We didn’t actually know this, but it turns out that this restaurant is rather on the popular side, and even more pleasingly, produces some particularly delicious pizza – as we found out for ourselves with an impromptu visit there one Sunday afternoon back in August this year.
(Turns out, the place we were actually on our way out to, the nearby Vredenhof, is closed on Sundays).
Eikendal itself is really worth a visit though.
Obviously there is the traditional wine tasting and food pairing that happens at the Eikendal Tasting Centre, but then there are also tours of their distinctive barrel vaulted cellar, fishing with the onsite Winelands Fly Fishing outfit, upmarket food from Giovanni’s, mapped out vineyards walks, lush green lawns, and finally a small kids play area, to enjoy.
Also, the abundant views of the vineyards and mountains isn’t too shabby either.
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Chantelle, the kids and I rather enjoyed this impromptu visit, and given the fact that Eikendal lists Kiddies Tastings and Tractor Rides on their website, there is a more than reasonable chance of us returning for a more full experience sooner than later!
Having decided that she wasn’t particularly keen on eating lunch off a bench table at Wilgewandel following our exciting morning of exploring the world famous Cango Caves, Chantelle was instead much happier with the idea of taking a short hop up to the Cango Caves Estate (which itself is just below the Cango Caves), home to both an interesting looking deli and a rather scary looking zipline!
This turned out to be a really, really good idea, because a) the deli afforded fantastic views of the swartberg mountains, b) the tranquility of the Grobbelaars River was right there if needed, c) the zipline made for some exciting people watching, and d) the coffee at the Cango Caves Estate turns out to be rather good.
Aside from its main business as a wedding or private event facility (the restored Manor House elegantly caters for this), the Cango Caves Estate also operates a very popular deli, which has its own coffee roastery and curio selection, not to mention its impressive stock of all the local fine wines, cheeses and biltong.
Then of course there is their zipline.
The Cango Caves Zipline is a double zipline setup, meaning that two people can slide side by side at the same time.
The ride starts at the parking area of the Cango Caves, with an initial teaser zip of some 155 meters over a Karoo ravine, followed by the big 465 meters trip over a game enclosure and all the way down to the Cango Caves Estate!
My girls are of course too small for this, (while Chantelle and I too heavy), so we opted to rather make do with some delicious pizza and ice cold drinks, admire the view, and perhaps try and beat the heat instead.
Can’t say that it wasn’t an enjoyable attempt.
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Their food is good and the deli air-conditioned (and rather comfortable), making this a worthwhile stop if you ever do find yourself out and about in the middle of a sweltering hot Karoo afternoon.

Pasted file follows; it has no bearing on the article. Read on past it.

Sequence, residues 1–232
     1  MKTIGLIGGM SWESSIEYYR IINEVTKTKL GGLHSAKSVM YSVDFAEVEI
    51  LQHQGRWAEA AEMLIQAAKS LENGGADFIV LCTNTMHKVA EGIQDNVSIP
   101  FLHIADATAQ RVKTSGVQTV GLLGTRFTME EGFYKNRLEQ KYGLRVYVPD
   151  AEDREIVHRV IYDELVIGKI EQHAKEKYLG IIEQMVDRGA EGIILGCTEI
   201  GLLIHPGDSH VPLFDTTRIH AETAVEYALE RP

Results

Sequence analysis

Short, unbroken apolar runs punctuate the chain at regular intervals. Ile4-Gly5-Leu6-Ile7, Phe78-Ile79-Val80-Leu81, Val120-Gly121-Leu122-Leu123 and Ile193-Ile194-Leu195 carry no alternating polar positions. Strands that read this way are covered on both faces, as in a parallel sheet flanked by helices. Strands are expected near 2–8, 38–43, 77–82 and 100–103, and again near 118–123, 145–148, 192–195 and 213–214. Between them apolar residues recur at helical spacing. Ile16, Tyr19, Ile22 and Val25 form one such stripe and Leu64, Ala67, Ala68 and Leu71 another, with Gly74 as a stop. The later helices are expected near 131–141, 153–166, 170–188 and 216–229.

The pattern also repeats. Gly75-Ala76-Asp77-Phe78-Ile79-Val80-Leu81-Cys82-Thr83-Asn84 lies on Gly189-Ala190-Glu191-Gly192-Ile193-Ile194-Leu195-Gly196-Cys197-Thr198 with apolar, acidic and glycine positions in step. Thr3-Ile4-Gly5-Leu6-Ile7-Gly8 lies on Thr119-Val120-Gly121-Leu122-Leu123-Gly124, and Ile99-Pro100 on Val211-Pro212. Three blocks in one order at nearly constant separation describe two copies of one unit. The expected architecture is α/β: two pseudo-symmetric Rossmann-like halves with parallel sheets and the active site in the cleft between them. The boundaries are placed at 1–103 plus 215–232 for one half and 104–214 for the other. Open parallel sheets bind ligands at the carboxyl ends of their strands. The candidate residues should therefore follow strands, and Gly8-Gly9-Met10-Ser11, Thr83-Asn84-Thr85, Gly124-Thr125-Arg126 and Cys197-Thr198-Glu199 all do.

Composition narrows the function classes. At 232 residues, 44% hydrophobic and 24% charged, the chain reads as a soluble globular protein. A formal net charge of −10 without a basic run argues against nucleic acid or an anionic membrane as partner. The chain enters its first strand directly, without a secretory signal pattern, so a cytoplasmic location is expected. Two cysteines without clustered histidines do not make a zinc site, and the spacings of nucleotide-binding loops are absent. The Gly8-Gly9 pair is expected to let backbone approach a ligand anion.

Three minutes down the road from the world famous Oudtshoorn Cango Caves is the popular (and relatively well known) Wilgewandel Holiday Farm, a family friendly accommodation option situated at the foot of the Swartberg mountain range.
Famous for their camel rides (which is precisely the reason we simply HAD to take Jessica there following our exploration of the caves), Wilgewandel is built around its kid friendly activities, offering things like water slides, donkey cart rides, the humorously named Ghwarra-Ghwarra Golf Course (putt putt), a foefie slide (zip-line), pedal cars, farmyard animals and rowing boats – basically it should technically be near impossible for your kids not to find some form of entertainment that they enjoy on the grounds!
Centered around a lovely dam, there is plenty of space to run around, the farm atmosphere keeps everything relaxed, and the onsite restaurant works hard to ensure that everyone has a plate of food and full glass in front of them.
Oh, and Wilgewandel sports a pretty well stocked curio shop as well – useful for all those touristy people among us.
The place is then as you imagine a magnet for day visitors and as such can get quite busy at times – so worth keeping in mind if you were originally looking to get away for some complete peace and quiet!
Although we weren’t staying at Wilgewandel (we were bunked down at the lovely De Oude Meul Country Lodge further down the road), and we didn’t grab a bite to eat here either (Chantelle preferred to grab something a little better looking from the nearby Cango Caves Estate instead), we did however hang around long enough give the girls a good chance to run around and play and talk to all the animals – and of course let Jessica tackle her second camel ride of the year.
(Which she absolutely LOVED of course!)
So, if you have kids with you and are looking to escape the the hot Oudtshoorn/Klein Karoo sun (and maybe recharge your batteries for a bit by letting the kids run off to play), then marking Wilgewandel on your travel map is definitely quite the good idea.
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Bonus: It is worth noting that I’m not overly excited by their pricing model mind you – basically you need to pay for every single activity as opposed to bunching every thing up under a single access fee, meaning that a day out at Wilgewandel as a day visitor has the potential to get really expensive really quickly if you have two or more kids running around who demand to try absolutely each and everything on offer.
That said, Wilgewandel Holiday Farm is out in the middle of nowhere and is definitely an oasis of entertainment if you ever find yourself lounging around Oudtshoorn with bored kids that are maybe a little tired of seeing ostriches every time that they look out of a window! :D